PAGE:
Sugiyama A, Linley PJ, Sasaki K, Kumano T, Yamamoto H, Shitan N, Ohara K, Takanashi K, Harada E, Hasegawa H, Terakawa T, Kuzuyama T, Yazaki K.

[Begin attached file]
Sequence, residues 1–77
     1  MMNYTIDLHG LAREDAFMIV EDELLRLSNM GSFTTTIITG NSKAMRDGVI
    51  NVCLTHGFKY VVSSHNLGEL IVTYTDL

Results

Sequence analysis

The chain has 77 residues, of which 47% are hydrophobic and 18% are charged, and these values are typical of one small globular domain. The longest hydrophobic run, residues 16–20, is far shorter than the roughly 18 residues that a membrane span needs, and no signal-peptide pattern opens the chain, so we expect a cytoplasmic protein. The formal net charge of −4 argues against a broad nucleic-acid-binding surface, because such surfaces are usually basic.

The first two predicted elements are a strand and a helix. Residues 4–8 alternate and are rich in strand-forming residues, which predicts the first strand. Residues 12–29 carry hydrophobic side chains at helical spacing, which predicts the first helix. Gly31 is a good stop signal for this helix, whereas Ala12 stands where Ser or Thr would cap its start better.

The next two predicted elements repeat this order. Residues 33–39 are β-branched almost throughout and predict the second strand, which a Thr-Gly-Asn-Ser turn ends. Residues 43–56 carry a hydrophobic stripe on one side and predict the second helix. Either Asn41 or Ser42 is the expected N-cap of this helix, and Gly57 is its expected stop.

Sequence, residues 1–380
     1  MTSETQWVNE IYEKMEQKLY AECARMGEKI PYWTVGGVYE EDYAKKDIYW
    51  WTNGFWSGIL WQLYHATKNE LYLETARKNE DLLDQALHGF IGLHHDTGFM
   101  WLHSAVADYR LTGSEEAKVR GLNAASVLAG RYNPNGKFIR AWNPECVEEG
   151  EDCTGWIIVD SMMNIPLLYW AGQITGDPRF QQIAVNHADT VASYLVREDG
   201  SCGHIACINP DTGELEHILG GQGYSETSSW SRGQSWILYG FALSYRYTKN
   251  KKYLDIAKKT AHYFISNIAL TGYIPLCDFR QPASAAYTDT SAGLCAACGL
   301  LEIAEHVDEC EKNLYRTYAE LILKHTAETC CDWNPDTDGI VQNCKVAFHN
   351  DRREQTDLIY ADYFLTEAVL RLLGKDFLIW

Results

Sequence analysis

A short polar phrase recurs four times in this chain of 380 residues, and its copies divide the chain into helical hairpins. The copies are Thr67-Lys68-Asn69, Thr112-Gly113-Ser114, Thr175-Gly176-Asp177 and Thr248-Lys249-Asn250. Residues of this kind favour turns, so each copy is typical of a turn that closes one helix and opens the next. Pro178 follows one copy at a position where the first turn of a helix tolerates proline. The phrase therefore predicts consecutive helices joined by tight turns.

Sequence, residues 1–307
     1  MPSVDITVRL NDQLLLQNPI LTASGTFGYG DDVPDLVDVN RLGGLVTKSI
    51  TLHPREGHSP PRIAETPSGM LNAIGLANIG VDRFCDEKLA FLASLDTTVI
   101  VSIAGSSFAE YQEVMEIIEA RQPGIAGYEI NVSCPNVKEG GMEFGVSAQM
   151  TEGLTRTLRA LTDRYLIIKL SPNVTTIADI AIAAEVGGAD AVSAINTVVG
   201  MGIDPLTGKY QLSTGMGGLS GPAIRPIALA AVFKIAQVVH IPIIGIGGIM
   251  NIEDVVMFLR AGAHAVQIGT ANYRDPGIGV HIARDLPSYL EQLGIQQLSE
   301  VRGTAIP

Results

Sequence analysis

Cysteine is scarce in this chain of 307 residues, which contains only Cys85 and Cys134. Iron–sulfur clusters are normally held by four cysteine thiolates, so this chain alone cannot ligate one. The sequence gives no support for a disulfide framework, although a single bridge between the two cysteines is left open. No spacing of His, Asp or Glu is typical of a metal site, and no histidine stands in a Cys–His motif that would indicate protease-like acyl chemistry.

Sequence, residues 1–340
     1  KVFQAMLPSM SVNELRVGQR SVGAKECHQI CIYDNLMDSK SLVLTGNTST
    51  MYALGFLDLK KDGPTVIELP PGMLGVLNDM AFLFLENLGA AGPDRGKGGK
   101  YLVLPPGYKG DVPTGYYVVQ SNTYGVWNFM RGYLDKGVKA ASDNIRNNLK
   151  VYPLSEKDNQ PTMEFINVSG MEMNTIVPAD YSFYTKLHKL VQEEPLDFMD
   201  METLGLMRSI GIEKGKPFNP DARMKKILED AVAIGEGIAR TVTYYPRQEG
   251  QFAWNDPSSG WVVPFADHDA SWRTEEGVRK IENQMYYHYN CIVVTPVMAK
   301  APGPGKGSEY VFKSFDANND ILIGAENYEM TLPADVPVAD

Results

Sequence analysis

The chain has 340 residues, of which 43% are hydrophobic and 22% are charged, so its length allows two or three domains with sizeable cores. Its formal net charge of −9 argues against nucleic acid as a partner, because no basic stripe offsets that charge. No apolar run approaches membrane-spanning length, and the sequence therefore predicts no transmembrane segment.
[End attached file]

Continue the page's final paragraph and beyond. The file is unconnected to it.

Prenylated polyphenols are secondary metabolites beneficial for human health because of their various biological activities. Metabolic engineering was performed using Streptomyces and Sophora flavescens prenyltransferase genes to produce prenylated polyphenols in transgenic legume plants. Three Streptomyces genes, NphB, SCO7190, and NovQ, whose gene products have broad substrate specificity, were overexpressed in a model legume, Lotus japonicus, in the cytosol, plastids or mitochondria with modification to induce the protein localization. Two plant genes, N8DT and G6DT, from Sophora flavescens whose gene products show narrow substrate specificity were also overexpressed in Lotus japonicus. Prenylated polyphenols were undetectable in these plants; however, supplementation of a flavonoid substrate resulted in the production of prenylated polyphenols such as 7-O-geranylgenistein, 6-dimethylallylnaringenin, 6-dimethylallylgenistein, 8-dimethylallynaringenin, and 6-dimethylallylgenistein in transgenic plants. Although transformants with the native NovQ did not produce prenylated polyphenols, modification of its codon usage led to the production of 6-dimethylallylnaringenin and 6-dimethylallylgenistein in transformants following naringenin supplementation. Prenylated polyphenols were not produced in mitochondrial-targeted transformants even under substrate feeding. SCO7190 was also expressed in soybean, and dimethylallylapigenin and dimethylallyldaidzein were produced by supplementing naringenin. This study demonstrated the potential for the production of novel prenylated polyphenols in transgenic plants. In particular, the enzymatic properties of prenyltransferases seemed to be altered in transgenic plants in a host species-dependent manner.